Cat scratch posts are available in various materials; choose a rough texture such as hessian, rope, sisal, carpet or wood. Make sure the post is heavy so it doesn’t fall over and make it an interactive, fun place to be for your kitten. Providing a post, which also incorporates a perch can also encourage your kitten to climb and placing toys and food rewards on the perch will make it a positive experience. Place the post in a position near a window or in the sun and your kitten will be able to survey their territory.

If you find your kitten scratching on furniture, placing plastic or aluminium foil over particular pieces of furniture can make it unappealing for your kitten. Other suggestions include double sided tape, a product called ‘Sticky Paws’ is available at pet supply stores, or long range water pistols can be used but make sure your cat does not see you as they may associate you with the water.

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Daily handling will help bonding and allow you to check your kittens’ ears, mouth and paws. Making handling a positive experience from a young age will help your cat accept nail clipping, medication and grooming without distress for the rest of their life.

Use praise and keep handling sessions short so your kitten always enjoys this time. Practice giving medications by gently opening your kittens’ mouth and placing a small tasty treat on their tongue.

Cats are very clean animals and will groom themselves constantly, shorter hair will require less grooming by you. Medium and long hair cats will need daily brushing to prevent matting, and starting at a young age is highly recommended. If matting develops it often needs to be clipped out, sometimes under sedation, so brushing will avoid this. Self grooming also means your cat ingests a lot of hair; this creates ‘fur balls’ and may pass through their intestinal tract or your cat my vomit to expel the hair. Cats sometimes eat grass to help with this process; if your cat stays indoors a pot of cat grass may help.

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Indoor and Outdoor Cats

Due to the many dangers of letting your cat outside, many people now keep their cat inside, particularly in built up areas. If your kitten is kept inside from a young age and all their needs are met, they will be perfectly happy and healthy indoors.

The dangers of allowing cats to go outside include fights with other cats, the risk of being hit by a car, dog attack, contracting diseases or parasites and even theft (especially if your cat is pure bred). Council regulations also require your cat to always be back inside from dusk until dawn. Our native wildlife is under constant threat from introduced species and this includes cats.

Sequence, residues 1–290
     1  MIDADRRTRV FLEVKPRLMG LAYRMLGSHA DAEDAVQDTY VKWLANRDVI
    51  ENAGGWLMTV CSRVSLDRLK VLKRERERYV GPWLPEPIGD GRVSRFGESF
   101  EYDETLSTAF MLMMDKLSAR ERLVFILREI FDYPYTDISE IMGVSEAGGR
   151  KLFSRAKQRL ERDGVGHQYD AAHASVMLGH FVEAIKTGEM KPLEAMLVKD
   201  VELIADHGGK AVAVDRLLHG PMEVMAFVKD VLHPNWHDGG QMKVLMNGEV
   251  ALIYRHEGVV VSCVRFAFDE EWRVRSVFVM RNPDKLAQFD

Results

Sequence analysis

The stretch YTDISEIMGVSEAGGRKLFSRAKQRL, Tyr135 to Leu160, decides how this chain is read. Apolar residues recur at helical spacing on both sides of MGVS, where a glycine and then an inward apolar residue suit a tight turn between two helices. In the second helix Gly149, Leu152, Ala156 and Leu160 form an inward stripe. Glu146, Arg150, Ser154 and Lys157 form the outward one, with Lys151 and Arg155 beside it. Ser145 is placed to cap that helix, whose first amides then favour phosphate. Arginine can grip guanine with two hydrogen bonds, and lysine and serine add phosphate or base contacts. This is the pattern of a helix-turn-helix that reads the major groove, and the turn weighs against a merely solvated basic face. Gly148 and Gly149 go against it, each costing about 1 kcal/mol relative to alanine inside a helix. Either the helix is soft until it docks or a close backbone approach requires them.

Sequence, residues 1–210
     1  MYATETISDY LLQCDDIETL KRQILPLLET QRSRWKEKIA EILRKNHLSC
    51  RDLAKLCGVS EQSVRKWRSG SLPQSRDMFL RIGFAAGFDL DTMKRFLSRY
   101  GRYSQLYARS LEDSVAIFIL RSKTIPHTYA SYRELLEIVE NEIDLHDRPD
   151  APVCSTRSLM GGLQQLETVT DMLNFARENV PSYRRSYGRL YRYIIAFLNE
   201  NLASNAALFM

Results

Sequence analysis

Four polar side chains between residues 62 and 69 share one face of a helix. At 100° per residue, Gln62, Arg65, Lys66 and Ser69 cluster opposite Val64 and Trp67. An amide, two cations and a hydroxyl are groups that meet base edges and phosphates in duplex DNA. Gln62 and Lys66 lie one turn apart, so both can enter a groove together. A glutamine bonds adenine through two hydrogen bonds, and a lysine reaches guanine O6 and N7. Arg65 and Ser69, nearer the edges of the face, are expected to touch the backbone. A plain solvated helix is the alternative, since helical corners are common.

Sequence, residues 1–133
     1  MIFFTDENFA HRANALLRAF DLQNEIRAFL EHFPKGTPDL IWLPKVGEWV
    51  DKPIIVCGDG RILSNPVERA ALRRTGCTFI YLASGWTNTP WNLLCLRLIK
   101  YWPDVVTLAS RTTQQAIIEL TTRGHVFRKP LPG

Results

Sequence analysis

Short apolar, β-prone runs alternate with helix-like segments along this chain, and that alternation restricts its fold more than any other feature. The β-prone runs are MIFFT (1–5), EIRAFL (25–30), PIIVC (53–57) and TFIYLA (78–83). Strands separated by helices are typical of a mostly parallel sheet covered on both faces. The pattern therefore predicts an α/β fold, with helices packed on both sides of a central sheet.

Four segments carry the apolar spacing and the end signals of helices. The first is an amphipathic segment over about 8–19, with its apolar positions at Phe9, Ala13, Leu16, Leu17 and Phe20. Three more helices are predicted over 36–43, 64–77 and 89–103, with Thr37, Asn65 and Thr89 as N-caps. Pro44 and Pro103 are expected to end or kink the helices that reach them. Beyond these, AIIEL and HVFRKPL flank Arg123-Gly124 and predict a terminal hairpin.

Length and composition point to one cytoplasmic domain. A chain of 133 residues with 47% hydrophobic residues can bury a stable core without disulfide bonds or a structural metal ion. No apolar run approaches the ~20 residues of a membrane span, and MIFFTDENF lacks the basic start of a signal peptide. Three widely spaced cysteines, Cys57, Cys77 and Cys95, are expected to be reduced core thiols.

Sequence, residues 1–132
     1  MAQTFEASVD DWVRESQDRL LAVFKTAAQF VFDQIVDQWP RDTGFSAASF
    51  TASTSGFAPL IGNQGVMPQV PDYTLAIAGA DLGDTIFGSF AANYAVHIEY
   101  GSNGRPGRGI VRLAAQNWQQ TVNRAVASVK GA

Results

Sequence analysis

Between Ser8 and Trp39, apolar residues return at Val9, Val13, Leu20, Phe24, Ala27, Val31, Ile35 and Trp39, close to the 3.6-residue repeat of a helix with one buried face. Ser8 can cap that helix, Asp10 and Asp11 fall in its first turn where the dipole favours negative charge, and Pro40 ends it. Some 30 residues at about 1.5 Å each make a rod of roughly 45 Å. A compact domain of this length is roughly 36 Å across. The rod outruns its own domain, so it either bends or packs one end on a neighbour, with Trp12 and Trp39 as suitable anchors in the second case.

Consider some of suggestions below to keep an indoor cat happy:

  • Cat enclosures give your cat the best of both worlds, inside and out. They are available in many different styles and several companies specialise in made to measure enclosures. A screened off porch area can also provide the same access to fresh air and a view of the garden.
  • Using tunnels and hiding holes give your cat area’s to explore inside. Spread toys through out the house for your cat to find – paper bags, boxes, mice, corks etc.
  • Make time each day just for your cat and give your undivided attention, use this time for play and handling.
  • Window perches can also be installed to give your cat a view of the world whilst enjoying fresh air and sunshine through a secure screen.
  • Some people train their kitten to walk on a harness and lead. If your cat enjoys this, make sure walks are away from roads and dogs, a quiet time of the day is best.
  • A cat tree can provide a place to scratch, perch and climb. This could be put inside your cat enclosure or in a large stable pot on a secure porch.
  • Cats love to smell and chew certain plants. Potted catnip, cat mint and other cat friendly plants are a way to bring the garden inside.
  • If you are in the position to bring two cats into your family this is a great way to ensure your cat is never bored and always has company. Discuss with your vet the best options for your household.

Having a kitten is a rewarding and fun experience. Enjoy!